Ballarat's newest school is on track to open for its first 60 students at the start of the 2020 school year.
Construction of stage one of Lucas Primary School, comprising the school's gym, administration building and one learning community (classrooms) is due to be finished on December 20 and handed over to its staff in early January.
The school oval has been grassed and landscaping works are underway.
A second wing of classrooms and a specialist pavilion, where STEM and visual arts classes will be held, are scheduled to be finished mid-February.
"We are going to start off with about 60 but we expect to grow very quickly once we are up and running," said Lucas Primary School principal Sue Sawyer.
"There are people shifting in to the area all the time and we are still definitely getting inquiries and expecting to get more."
Currently there are 19 prep students enrolled to have their first day of school on the school's first day, with transition sessions beginning this week at Lucas Community Centre.
The school will also open with a grade one to three class, and a senior grade four to six class.
Ms Sawyer said a steady stream of inquiries about new enrolments was coming in as the school's opening drew near.
The first stage of Lucas Primary School will be big enough for 200 students, and when all phases of construction are complete it will have a capacity of 475.
While the prep students will be starting their school journeys, most of the older students moving in to Lucas Primary are transferring from other schools in Ballarat.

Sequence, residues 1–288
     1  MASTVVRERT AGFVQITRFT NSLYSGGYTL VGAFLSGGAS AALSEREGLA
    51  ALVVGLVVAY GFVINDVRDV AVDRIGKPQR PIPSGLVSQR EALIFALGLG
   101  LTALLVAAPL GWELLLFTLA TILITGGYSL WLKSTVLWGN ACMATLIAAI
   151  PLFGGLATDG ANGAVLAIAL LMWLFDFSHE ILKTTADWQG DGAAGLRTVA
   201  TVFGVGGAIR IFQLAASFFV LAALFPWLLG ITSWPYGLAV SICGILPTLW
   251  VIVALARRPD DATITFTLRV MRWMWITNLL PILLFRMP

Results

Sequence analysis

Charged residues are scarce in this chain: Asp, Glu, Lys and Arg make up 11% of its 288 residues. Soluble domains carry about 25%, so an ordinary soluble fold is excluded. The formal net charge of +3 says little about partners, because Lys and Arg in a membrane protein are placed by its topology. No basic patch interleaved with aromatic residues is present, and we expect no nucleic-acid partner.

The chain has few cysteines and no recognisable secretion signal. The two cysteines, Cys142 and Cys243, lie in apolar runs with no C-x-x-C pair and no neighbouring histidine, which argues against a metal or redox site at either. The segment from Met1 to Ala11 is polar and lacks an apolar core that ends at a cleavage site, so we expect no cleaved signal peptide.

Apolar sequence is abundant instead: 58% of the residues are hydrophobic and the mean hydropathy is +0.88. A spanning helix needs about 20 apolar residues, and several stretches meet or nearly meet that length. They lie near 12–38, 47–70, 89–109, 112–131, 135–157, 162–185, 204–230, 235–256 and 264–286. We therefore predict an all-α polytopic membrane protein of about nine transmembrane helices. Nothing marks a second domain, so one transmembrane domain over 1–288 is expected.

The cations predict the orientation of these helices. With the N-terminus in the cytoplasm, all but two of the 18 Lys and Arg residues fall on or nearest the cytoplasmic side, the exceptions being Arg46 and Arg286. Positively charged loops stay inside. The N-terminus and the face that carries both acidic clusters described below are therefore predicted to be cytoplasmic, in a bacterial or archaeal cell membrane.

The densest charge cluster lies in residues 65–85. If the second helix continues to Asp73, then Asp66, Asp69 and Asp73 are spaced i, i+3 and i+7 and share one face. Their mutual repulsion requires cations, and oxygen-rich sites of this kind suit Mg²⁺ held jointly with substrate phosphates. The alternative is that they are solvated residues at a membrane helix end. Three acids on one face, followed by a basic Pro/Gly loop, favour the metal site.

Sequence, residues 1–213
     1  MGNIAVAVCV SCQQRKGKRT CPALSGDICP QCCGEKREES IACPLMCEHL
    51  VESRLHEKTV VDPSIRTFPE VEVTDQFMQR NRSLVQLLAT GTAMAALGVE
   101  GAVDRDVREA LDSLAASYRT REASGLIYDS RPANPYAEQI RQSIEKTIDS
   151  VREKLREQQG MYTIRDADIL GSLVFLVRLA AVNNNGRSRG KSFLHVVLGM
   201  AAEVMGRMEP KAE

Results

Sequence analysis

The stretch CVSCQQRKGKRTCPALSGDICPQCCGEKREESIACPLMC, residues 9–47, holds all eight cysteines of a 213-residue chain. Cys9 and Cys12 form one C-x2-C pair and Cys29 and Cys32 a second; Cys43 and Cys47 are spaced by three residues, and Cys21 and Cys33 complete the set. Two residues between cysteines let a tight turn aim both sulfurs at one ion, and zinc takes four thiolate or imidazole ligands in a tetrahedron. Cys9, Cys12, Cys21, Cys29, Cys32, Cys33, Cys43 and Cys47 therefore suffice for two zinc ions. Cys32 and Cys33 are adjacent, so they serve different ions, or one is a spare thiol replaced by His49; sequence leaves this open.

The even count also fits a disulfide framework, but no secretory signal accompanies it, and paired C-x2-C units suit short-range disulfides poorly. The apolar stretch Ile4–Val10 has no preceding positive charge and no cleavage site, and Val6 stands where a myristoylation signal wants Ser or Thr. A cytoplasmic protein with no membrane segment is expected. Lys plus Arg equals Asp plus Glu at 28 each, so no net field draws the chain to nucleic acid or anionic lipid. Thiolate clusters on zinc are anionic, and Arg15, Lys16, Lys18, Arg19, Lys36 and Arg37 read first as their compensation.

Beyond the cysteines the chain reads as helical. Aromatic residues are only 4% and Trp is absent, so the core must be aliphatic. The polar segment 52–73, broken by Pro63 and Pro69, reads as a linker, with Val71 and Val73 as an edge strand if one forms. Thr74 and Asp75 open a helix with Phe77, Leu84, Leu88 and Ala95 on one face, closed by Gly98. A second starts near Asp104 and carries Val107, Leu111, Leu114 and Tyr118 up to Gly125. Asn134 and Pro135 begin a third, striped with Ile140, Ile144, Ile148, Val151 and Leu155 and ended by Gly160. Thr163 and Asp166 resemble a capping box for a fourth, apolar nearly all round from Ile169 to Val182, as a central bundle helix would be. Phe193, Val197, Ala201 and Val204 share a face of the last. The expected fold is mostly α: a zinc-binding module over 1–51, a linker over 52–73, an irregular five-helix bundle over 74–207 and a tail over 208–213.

"They live near the school and have watched it grow and want to be part of it," Ms Sawyer said.
The Lucas Primary School zone takes in the rapidly expanding areas of Lucas and Cardigan, as far west as Lake Burrumbeet and south in to parts of Bunkers Hill and Smythes Creek.
Ms Sawyer said it was exciting to be part of a new school and to shape its culture.
"This is an exciting opportunity to shape the culture from the start," she said. "Our focus is on maximising learning growth for all students, to build our school community, build a home-school partnership and being part of the Lucas community is very important as well," she said.
"We have developed a curriculum to meet the needs of the students so they achieve high levels in literacy and numeracy, but also skills in critical thinking, problem solving, resilience and developing the child as a whole."
The school's logo represents much of what is envisaged for the school, while also tying in the history of the suburb.
The tree represents student growth, building partnerships between teachers, parents and children, and the history of the Lucas Girls planting the Avenue of Honour to commemorate the region's fallen WWI soldiers.
Ms Sawyer and vice principal Danielle Lee have been visiting other recently opened primary schools in rapidly growing regions such as Tarneit and Point Cook to see how their schools are working and growing.
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